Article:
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Aston Martin DB5: Buying guide and review (1963-1965)

Aston Martin DB5: Buying guide and review (1963-1965) Classic and Performance Car
Aston Martin DB5 Aston Martin DB5 Aston Martin DB5 Aston Martin DB5 Aston Martin DB5 Aston Martin DB5 Aston Martin DB5
It’s probably not possible to write about the DB5 without mentioning a certain secret agent, but if it wasn’t for James Bond the svelte Aston simply wouldn’t have the profile that it does. That wouldn’t make it any less desirable though, because here’s a car that’s beautiful, fast, carries one of the most evocative badges and sounds utterly gorgeous the faster you drive it. What’s not to like?
Sadly, the DB5’s rarity and collectability also mean you now need incredibly deep pockets to acquire one and because these cars are so valuable, many owners buy them as an investment rather than to use them. However, despite their huge worth, there’s not much chance of the bottom dropping out of the market; DB5 values have enjoyed a spectacular trajectory in recent years, and even if the market softens in the short term (which is unlikely), in the long term you’re always going to come out ahead. 
Which one to buy?
The DB5’s huge values are a double-edged sword, because while this is a classic that’s now nothing like as attainable as it was, it’s easy to justify a major restoration of one of these very complex machines. Because of the DB5’s complexity, if you’re buying a car that’s already been restored, make sure it comes with a full photographic record of all work done – and make sure it’s been done by a recognised marque specialist.
Most DB5s are sold via the major auction houses or through Aston Martin specialists, in which case you should be in good hands. But if you’re buying privately, make use of one of the many Aston experts out there and get them to do a thorough inspection of any potential purchase. In return they’ll want just a fraction of the car’s value, and it might just save you a fortune. By far the majority of DB5s were regular coupes, but there were some Vantage editions too and some dropheads. Unsurprisingly, the latter variant is especially sought after while the Vantage is valued more highly than the SU-equipped DB5. But it’s not hard to convert a DB5 to Vantage specification, so you can buy a standard car and convert it – and if you’re buying a supposedly original Vantage it’s worth establishing that it is the real deal.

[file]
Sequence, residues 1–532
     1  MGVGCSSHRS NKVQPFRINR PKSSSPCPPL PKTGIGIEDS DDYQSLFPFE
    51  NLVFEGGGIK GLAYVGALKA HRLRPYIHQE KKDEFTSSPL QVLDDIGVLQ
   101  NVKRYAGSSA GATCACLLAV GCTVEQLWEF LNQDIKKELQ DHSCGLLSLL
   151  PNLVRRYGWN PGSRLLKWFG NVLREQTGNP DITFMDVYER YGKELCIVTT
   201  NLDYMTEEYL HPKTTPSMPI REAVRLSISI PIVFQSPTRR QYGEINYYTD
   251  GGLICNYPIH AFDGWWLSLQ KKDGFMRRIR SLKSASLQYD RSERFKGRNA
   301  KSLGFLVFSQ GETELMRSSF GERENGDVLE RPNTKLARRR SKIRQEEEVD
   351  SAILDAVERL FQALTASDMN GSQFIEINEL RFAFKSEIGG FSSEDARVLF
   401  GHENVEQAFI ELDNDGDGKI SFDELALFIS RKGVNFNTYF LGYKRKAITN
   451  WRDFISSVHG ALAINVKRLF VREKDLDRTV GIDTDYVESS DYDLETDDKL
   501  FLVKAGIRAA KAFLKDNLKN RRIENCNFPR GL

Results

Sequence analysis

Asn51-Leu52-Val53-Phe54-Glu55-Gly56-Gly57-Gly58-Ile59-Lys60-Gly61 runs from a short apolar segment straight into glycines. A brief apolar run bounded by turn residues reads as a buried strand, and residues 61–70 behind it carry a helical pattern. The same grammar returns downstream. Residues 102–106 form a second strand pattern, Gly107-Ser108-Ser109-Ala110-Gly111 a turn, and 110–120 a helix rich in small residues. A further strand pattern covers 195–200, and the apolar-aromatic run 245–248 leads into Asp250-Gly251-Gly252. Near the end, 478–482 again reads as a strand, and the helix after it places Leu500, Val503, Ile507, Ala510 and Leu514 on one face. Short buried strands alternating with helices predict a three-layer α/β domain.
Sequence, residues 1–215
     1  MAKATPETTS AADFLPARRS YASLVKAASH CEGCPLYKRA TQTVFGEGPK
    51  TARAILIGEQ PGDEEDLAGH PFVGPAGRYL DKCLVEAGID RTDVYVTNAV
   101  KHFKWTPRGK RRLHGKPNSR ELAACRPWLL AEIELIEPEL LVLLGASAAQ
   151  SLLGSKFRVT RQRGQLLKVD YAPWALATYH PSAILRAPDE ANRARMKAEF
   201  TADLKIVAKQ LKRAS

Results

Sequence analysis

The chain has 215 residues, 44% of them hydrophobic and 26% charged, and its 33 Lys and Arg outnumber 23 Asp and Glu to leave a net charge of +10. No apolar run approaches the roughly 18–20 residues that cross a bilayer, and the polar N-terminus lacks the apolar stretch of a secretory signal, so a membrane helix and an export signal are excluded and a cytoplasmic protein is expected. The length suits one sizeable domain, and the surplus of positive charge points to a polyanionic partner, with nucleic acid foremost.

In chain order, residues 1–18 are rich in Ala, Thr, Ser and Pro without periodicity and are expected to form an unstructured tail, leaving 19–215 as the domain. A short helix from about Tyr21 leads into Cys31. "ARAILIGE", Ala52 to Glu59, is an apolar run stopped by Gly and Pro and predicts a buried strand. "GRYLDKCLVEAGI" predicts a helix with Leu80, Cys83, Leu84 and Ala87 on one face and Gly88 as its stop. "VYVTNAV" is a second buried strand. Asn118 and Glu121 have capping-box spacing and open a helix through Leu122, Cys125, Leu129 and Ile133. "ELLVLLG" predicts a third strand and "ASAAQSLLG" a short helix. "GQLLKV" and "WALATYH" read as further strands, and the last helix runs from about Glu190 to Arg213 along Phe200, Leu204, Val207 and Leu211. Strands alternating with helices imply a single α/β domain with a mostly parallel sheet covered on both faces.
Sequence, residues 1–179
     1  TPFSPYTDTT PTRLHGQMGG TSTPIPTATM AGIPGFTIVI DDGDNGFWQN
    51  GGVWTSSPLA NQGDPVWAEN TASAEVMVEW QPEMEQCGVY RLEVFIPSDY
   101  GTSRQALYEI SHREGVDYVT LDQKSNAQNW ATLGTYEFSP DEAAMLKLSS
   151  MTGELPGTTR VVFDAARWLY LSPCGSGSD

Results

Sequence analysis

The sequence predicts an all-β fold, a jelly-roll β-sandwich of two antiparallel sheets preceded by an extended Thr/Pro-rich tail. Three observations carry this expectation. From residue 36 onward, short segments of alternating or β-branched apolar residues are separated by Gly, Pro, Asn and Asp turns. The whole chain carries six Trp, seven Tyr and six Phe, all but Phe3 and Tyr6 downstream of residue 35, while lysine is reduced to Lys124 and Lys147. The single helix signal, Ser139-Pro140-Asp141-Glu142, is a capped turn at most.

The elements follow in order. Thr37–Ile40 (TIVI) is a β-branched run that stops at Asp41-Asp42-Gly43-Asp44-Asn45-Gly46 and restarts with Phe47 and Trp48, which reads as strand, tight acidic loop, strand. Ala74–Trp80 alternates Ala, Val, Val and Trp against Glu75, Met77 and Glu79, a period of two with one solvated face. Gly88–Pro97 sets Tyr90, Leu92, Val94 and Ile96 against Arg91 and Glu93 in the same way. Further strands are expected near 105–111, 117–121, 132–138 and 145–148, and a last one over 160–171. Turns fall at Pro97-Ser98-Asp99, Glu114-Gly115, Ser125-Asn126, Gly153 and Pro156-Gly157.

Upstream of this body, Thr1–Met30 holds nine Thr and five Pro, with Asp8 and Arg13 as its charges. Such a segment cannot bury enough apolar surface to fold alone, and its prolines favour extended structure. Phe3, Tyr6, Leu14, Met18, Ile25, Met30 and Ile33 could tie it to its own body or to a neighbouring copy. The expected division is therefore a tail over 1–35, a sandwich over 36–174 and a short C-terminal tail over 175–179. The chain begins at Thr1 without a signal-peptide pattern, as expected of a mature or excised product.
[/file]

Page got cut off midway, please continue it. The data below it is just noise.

Performance and specs 
Engine 3995cc, in-line 6-cylinder
Power 280bhp @ 5500rpm
Torque 288lb ft @ 3850rpm
Top speed 142mph
0-60mph 8.1sec
Fuel consumption 15mpg
Gearbox Five-speed manual/Three-speed auto
Dimensions and weight
Wheelbase 2489mm
Length 4572mm
Width 1676mm
Height 1346mm
Kerb weight 1465kg
Common problems
• It’s easy to be taken in by shiny paintwork, but this can be hiding a catalogue of horrors. The DB5 features an aluminium skin stretched over a steel skeleton. It was built to a high standard though, so cherished cars should be in fine fettle. If the aluminium skin is bubbling, expect far worse underneath as the two metals will have reacted with one another. 
• The key areas to check are the sills, which can rot badly. If they both need a complete reconstruction expect much financial pain, If the rust has spread to the chassis, proper repairs will be hugely expensive. 
• Also look at the base of the bulkhead, jacking points, trailing arm mounts, bumper supports, door hinge mountings, boot floor and the double-skinned boot lid. 
• Although it’s realistically not all too common, crash damage is certainly something that you should look out for. More recent repairs are likely to have been carried out to a high standard, but cars repaired years ago when values were lower could be cause for concern.
• If the engine is treated to an oil change every 2500 miles it should just keep going, although the oil will need to be regularly topped up if the straight-six isn’t to run low. It should also have had a fresh timing chain within the last 60,000 miles. If this breaks, the engine will be destroyed.